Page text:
Timeless temples and shrines, gorgeous scenery, futuristic space age towers and bullet trains...

...What I love most about Japan is that it is a country of opposites: blending the ancient with the modern, and the exotic with the familiar...

I want to share with you some of my most memorable moments in Japan that have inspired me to return again and again in search of new and unique experiences.

Mt Koya – Koya-san
One of the most mysterious, and awe-inspiring sites, this UNESCO World Heritage Site is a well-forested elevated tableland high in the mountains. It’s the headquarters of Shingon Buddhism, with over 100 temples.

I had the opportunity to stay overnight in a functioning Buddhist temple and experience the traditions of Japanese religious life, including their early morning fire prayer ceremonies. I slept on a tatami mat and was served my vegetarian meals by the resident monks.

As the sun set, we entered the candle-lit cemetery grounds, walking along a winding, cobblestone path lined with thousands of tombs and giant cypress trees. The atmosphere was ghostly with a gloomy mist through the trees... I even hesitated to enter. There is a mysterious feeling across the entire cemetery. The founder of the Shingon School of Esoteric Buddhism, Kobo Daishi, rests here in his tomb...not dead, just meditating, awaiting the arrival of the future Buddha. Since the 11th century, thousands of tombs surround Kobo Daishi with relics, images and carvings. Lantern Hall, at the north end of the graveyard houses several lamps including two believed to have been burning for 900 years.

On my previous visits to Hakone, a favourite Japanese tourism spot, the weather cooperated and I was able to see majestic Mt Fuji from the famous cable car “Ropeway”. I enjoyed the slow, scenic ride up to bubbling volcanic hot springs, where we walked around and watched as black eggs were being boiled in the sulphuric waters.

After our walk, we continued on the ropeway, and then took a short cruise across Lake Ashino-ko on a whimsical pirate ship, before returning to our hotel to relax in the Onsen and enjoy dinner.
Both Hiroshima and Nagasaki, which I visited on separate trips, provide a moving reminder of the horrors of the atomic bomb and the strength and perseverance of the survivors. I spent many teary-eyed hours in Hiroshima at the Peace Memorial Park, Museum and the Memorial to the Victims, including the Children’s Peace Memorial, with thousands of folded paper cranes. (It is an ancient Japanese belief that by folding these cranes a person’s wishes will come true.) I then walked across the river to the A Bomb Dome, which was an Industrial Promotion Hall until the bomb exploded above it on August 6, 1945. It has been left as an eternal reminder of the horrors of war and is now a UNESCO World Heritage Site.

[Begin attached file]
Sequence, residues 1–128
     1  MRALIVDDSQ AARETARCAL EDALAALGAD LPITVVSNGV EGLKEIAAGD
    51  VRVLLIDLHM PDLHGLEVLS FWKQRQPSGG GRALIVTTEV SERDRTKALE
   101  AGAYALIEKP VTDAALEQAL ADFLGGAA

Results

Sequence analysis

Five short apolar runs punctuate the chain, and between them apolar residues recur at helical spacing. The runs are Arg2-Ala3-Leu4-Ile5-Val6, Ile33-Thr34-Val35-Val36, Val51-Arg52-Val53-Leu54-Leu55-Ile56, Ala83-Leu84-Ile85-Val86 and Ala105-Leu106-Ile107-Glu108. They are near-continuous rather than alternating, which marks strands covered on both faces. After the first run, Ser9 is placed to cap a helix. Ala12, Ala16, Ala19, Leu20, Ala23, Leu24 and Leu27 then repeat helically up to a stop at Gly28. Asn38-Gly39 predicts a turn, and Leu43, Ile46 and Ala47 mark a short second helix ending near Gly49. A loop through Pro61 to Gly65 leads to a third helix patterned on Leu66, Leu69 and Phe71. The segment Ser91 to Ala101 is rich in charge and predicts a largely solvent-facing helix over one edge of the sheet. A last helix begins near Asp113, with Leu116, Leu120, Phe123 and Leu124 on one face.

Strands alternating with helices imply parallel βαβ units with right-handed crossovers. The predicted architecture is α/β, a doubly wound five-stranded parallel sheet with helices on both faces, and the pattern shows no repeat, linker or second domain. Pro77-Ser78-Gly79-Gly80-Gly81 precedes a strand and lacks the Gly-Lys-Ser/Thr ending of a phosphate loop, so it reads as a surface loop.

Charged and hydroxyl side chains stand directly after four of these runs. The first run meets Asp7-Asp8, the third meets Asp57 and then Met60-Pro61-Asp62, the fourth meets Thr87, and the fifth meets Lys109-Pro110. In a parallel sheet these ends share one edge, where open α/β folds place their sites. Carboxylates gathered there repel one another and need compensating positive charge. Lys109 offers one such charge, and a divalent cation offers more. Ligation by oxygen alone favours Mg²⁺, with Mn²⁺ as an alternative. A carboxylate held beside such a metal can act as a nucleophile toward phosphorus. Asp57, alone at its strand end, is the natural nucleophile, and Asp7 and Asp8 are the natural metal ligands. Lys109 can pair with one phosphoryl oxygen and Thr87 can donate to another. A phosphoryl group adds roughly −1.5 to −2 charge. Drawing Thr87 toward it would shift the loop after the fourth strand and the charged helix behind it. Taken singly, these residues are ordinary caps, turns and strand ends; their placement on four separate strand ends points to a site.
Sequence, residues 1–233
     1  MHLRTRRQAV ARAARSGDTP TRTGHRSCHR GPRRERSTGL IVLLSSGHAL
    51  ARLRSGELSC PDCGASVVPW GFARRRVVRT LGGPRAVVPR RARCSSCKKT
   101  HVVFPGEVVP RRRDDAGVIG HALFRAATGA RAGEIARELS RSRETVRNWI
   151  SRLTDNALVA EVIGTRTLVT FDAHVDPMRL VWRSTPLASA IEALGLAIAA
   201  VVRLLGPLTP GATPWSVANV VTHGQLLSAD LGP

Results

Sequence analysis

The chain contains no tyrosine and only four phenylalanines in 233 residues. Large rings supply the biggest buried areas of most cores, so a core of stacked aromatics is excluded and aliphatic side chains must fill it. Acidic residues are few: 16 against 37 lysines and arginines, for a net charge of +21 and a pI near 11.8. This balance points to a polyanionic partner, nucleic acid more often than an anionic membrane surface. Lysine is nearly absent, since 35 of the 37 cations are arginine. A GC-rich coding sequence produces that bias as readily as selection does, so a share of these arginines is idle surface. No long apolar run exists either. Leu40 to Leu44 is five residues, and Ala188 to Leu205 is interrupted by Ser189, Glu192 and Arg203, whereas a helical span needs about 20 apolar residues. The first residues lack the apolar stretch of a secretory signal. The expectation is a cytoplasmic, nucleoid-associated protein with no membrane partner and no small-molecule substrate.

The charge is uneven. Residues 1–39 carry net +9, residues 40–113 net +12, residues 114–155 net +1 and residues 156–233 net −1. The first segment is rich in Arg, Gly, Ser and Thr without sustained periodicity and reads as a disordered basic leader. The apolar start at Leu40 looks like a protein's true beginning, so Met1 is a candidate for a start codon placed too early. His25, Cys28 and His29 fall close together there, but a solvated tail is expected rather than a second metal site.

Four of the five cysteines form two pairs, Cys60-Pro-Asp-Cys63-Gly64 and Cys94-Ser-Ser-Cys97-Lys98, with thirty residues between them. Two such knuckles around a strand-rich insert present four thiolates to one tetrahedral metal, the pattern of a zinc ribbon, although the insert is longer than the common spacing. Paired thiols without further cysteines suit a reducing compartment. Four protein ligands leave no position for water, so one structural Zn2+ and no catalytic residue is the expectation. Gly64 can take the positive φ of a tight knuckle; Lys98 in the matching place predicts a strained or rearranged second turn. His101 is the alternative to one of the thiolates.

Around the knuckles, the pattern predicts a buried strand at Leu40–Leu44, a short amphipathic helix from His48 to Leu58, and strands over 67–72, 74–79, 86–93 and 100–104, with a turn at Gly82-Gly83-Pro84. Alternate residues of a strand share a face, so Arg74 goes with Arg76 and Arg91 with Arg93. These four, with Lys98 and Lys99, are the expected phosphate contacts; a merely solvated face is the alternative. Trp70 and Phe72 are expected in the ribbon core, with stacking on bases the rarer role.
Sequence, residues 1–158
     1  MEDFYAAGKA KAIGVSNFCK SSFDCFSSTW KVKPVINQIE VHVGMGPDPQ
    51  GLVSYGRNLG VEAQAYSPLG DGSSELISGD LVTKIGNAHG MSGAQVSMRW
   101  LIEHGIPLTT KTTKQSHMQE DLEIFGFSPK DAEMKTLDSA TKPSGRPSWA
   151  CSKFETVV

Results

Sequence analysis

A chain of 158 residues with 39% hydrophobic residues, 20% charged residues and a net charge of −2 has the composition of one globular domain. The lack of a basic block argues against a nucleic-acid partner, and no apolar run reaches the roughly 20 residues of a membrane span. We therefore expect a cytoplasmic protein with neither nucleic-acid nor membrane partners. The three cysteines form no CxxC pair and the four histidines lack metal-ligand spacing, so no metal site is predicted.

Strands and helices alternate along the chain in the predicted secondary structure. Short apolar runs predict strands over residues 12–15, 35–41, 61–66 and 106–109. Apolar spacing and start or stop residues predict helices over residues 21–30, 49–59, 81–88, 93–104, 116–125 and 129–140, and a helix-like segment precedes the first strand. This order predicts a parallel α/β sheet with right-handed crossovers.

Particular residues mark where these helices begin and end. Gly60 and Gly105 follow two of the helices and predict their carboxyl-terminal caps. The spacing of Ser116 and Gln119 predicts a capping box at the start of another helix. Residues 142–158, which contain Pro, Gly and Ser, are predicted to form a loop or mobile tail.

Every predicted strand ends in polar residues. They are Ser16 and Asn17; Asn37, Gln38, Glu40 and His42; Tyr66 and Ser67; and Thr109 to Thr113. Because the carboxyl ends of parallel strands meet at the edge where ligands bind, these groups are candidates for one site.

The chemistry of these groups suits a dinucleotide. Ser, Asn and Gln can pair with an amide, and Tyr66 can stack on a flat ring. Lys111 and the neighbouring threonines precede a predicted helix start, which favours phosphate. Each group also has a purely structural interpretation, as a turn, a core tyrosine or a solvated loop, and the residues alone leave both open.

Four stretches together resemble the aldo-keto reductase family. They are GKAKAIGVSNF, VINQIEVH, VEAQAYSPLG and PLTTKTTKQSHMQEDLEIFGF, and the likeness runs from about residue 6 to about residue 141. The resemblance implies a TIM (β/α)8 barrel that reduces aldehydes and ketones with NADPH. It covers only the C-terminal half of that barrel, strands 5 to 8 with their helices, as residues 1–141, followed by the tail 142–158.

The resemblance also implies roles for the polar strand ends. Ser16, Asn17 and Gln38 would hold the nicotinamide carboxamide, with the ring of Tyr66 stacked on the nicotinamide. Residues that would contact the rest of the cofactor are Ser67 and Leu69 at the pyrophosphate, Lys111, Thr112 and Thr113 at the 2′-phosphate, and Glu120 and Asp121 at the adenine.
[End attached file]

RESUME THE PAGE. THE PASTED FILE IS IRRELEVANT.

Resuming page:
Large colourful and vibrant cities have developed around the monuments where we stayed overnight, enjoying the shopping, restaurants and the nightlife. While the memories are solemn, both Nagasaki and Hiroshima are cities alive with culture and beauty, along with young, hip vibes.
Of course, I always love the madness of Tokyo with its futuristic buildings, elegant department stores, and its unique neighbourhoods surrounding every stop on its awesome subway system.

Just watching the non-stop movement of people on the busy sidewalks, the order within the chaos as people crossed the giant intersections only on a green signal and smoked feverishly within delineated smoking areas on the sidewalks. When I was lost and needed directions, people stopped to ask if they could help. Many times, they were not content to simply provide directions, they walked me right to the address, then smiled and went on their way!

Tokyo is also rich in tradition and culture with museums, art galleries and temples, all accessible by public transit. On every trip we have taken the subway to Asakusa Station and walked through the Thunder Gate to visit the Senso Ji Temple Precinct with its narrow, crowded streets. We also love to make stops in the electronics and anime districts, Shibuya, the trendy shopping area, Roppongi for food and nightlife, at Harijuku for young trendy people-watching, and at the ‘must see’ Ginza Station in the heart of Tokyo’s downtown “Manhattan”.

If these few highlights have inspired you to see Japan for yourself, please consider joining me on a journey of discovery and exploration in Japan. Let’s make memories together on our small group trip from September 25 to October 5, 2018!
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